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ART/Allan Jalon : Art Workshop Allows Children to Romp in Mind’s Playground

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A refrain among conservative debunkers of modern art has long been “my kid could paint that!”

The people at Newport Harbor Art Museum are putting a positive spin on the phrase, turning inside out its implied mockery--not just of the inspirational value in modern art but also of the artistic impulses of children. Every summer, the museum’s Childrens’ Art Workshop offers Orange County youngsters ages 6 to 9 a chance to find their own imaginative potential through encounters with the work of artists the museum has put on exhibit.

For this summer’s four sessions, the children toured a show called “The Figurative Fifties” of paintings by New York artists, then sat down in a large room near the gallery to do their own art.

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“The Figurative Fifties” features work by artists who continued to work with the human figure despite the broad shift among many of their colleagues toward abstraction. In many cases, even where mature techniques and perspectives shine through, there is a playful, improvisatory aspect to the pieces that a child might easily emulate.

But 9 1/2-year-old Nicole Dubuc’s face was a picture of intense concentration as she drew a picture of a fellow student, who was posing in front of the class. “You have to make it up from your mind. That’s what the best artists do,” she explained as she gave the boy’s body a cartoonish, Art Deco-like blend of curves and angles.

A sense of freedom seemed to be the childrens’ greatest pleasure in making art. “I like art because nothing’s impossible,” Nicole said. “You (can) do whatever you want to,” added Michael Thurman, a 6-year-old from Costa Mesa. “I like doing the designs and stuff,” he said, showing off a colorful painting he had titled: “A Robot, the Sun and a Cloud.”

This summer’s workshop was led by D.J. Gray, a free-lance art educator from Seal Beach who also works at the Laguna Unified School District, partly as a liaison between the district and Laguna Art Museum. Her experiences have convinced her that museums must play an increasing role in art education as budget constraints squeeze art classes out of school curricula.

“There should be an art curriculum from kindergarten through the 12th grade, but instead there has been less and less of it,” Gray said. “And you can see how they like it.”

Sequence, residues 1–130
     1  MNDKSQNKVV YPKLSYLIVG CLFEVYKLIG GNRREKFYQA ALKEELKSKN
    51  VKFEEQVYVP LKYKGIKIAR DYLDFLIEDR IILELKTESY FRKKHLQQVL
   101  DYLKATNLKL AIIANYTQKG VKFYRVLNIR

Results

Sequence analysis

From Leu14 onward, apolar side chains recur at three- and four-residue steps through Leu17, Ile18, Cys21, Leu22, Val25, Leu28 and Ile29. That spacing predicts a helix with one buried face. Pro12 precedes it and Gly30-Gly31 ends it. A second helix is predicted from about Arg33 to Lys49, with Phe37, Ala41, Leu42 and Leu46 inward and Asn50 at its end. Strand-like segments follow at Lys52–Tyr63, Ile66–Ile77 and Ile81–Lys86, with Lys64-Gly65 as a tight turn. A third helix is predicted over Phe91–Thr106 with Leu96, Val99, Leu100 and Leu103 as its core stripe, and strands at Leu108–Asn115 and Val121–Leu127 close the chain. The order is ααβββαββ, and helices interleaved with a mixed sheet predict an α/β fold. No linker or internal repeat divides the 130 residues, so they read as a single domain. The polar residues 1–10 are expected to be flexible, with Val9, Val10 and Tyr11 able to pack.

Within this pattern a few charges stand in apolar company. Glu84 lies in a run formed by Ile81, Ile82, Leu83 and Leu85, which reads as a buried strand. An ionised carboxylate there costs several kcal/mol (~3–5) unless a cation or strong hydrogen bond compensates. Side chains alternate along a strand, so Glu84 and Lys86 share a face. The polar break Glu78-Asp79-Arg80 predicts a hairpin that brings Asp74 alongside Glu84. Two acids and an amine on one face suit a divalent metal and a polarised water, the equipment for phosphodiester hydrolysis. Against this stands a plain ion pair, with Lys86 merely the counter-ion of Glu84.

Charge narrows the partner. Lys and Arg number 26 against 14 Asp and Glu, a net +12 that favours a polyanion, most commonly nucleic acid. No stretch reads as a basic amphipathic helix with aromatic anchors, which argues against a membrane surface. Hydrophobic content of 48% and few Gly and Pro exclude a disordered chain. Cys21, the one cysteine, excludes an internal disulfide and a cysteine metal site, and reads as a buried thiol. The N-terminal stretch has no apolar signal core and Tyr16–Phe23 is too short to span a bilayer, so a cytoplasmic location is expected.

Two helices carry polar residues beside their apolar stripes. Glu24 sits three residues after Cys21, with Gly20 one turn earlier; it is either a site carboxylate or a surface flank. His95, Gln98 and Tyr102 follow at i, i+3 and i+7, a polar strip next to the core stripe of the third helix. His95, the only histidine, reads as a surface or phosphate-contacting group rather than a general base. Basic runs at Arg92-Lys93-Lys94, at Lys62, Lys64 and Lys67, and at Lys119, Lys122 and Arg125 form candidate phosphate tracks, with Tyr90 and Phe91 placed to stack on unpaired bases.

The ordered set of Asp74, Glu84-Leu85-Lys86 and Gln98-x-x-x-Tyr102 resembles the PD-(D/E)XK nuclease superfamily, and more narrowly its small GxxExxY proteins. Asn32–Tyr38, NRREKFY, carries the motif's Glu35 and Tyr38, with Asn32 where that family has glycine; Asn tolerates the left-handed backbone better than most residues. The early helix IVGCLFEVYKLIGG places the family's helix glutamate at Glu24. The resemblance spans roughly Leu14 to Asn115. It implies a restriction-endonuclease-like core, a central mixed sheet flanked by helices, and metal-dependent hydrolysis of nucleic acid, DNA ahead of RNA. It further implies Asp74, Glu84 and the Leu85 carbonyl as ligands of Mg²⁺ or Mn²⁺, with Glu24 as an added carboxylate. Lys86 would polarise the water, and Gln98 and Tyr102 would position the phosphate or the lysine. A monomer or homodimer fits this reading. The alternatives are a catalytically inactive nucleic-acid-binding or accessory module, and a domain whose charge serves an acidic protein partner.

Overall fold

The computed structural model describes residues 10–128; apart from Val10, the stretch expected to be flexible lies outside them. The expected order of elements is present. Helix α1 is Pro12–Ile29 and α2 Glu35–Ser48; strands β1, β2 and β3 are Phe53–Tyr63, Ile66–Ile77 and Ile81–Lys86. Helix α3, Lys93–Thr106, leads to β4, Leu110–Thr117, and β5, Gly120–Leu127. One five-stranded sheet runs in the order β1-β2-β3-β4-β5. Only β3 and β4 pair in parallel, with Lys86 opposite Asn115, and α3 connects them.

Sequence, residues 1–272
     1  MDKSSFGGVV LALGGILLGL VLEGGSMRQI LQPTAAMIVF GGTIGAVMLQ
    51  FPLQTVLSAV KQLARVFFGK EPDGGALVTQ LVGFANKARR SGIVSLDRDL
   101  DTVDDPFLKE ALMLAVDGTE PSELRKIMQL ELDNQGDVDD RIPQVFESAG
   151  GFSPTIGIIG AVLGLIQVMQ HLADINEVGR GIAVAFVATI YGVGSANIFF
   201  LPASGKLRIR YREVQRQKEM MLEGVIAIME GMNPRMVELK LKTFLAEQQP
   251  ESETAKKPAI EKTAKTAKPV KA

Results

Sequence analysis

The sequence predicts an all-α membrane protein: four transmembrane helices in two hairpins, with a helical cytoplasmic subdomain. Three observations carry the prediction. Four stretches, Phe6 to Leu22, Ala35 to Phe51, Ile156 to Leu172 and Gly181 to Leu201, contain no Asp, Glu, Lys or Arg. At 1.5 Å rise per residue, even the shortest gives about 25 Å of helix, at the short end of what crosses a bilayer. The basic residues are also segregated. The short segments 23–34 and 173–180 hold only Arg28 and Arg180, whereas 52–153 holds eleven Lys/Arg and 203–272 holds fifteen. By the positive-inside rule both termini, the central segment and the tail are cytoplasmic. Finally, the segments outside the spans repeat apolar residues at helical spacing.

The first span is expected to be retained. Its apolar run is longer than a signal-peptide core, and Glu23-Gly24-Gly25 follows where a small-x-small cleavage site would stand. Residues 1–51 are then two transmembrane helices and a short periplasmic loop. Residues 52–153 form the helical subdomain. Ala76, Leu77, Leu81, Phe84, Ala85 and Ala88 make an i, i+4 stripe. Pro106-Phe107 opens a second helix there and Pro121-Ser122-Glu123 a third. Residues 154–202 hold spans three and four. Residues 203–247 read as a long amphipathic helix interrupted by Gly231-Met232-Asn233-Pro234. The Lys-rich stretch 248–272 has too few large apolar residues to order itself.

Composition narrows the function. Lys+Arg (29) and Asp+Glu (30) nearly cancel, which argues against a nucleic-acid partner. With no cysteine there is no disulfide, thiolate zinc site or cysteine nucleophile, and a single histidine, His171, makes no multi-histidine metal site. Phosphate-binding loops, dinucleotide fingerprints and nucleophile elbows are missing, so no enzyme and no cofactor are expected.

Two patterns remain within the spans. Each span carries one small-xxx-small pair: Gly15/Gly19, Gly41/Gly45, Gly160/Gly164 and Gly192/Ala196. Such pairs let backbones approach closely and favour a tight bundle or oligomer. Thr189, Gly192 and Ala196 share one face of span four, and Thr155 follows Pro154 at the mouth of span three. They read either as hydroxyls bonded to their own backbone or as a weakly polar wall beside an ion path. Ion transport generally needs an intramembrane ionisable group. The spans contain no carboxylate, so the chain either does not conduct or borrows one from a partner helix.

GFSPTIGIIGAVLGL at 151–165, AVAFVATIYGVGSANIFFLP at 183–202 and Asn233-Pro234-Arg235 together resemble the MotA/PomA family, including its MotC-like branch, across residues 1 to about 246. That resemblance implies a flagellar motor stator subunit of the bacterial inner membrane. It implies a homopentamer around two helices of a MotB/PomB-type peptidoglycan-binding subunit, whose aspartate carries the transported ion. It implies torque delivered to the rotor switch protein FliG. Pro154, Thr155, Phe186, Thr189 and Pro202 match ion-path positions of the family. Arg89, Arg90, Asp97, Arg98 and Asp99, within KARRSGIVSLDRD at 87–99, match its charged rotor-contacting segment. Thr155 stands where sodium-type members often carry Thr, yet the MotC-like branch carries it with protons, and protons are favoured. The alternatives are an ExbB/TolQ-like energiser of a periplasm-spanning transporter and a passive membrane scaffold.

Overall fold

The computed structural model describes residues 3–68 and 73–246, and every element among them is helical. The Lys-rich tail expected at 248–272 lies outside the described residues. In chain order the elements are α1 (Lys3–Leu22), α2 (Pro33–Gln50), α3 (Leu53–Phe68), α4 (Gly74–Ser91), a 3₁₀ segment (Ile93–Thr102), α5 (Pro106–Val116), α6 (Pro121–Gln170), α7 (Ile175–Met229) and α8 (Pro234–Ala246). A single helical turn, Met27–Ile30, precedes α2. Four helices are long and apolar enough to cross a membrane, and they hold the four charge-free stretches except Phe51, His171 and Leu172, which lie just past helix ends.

Indeed. Michael D’Agostino, 8, of Costa Mesa seemed to get special delight from modeling while the other students drew him--though he confessed, “it’s hard to keep your arm out.” The room filled with the faint scratching sounds of many pencils on paper.

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Would he be disappointed if the likenesses of him were not exact? “It’s not supposed to look like me,” he shot back, clearly suspicious that his interrogator had taken an over-literal view of the activity. “It’s supposed to look like the shape of me, like the feelings people have about looking at the shape.

“Not the details.”

Marget Vogele, 5, was complying with that standard, and was pleased with the results. Her picture, she felt, “is the best one I’ve done.” She sounded a bit surprised. Meanwhile, Geoffrey Wilson Owens, a 6-year-old from Newport Beach, had departed from the figure for a more self-assertive declaration: His own name painted in large, brightly colorful letters.

Parents seemed to see the workshop as a sort of oasis of art consciousness for their children. “When I grew up, we had so much more of it in school,” recalled Paula Vogele, mother to Marget and Britta, a twin sister also in the workshop. “Creativity is something I want my children to experience. I really think it’s essential.”

Gail D’Agostino, mother to Michael, agreed. “I used to teach art for eight years and I discovered that there are many children who simply don’t learn orally, who learn visually. They do problem-solving, but through images.

“I taught art in junior high school,” she said, “and half the students in my classes were there because they really wanted to be, a quarter of the kids were really failures, kids who weren’t paying any attention--and a quarter were kids for whom art was a real salvation. They weren’t good at other things. You heard other teachers talking about them and complaining, but the physical act of making art brought out something special in them.”

Karin Caulter, 8, of Huntington Beach, may have been one of those children who discover a window to self-expression through art. She was extremely shy when interviewed. Yet she had filled a piece of drawing paper with uninhibited strokes of color, in a design that showed an openness to the sheer fun of moving paint across an empty space.

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If the picture were hung in a show of abstract art, even a few experts may have raised their eyebrows and exclaimed: “A kid painted that?”

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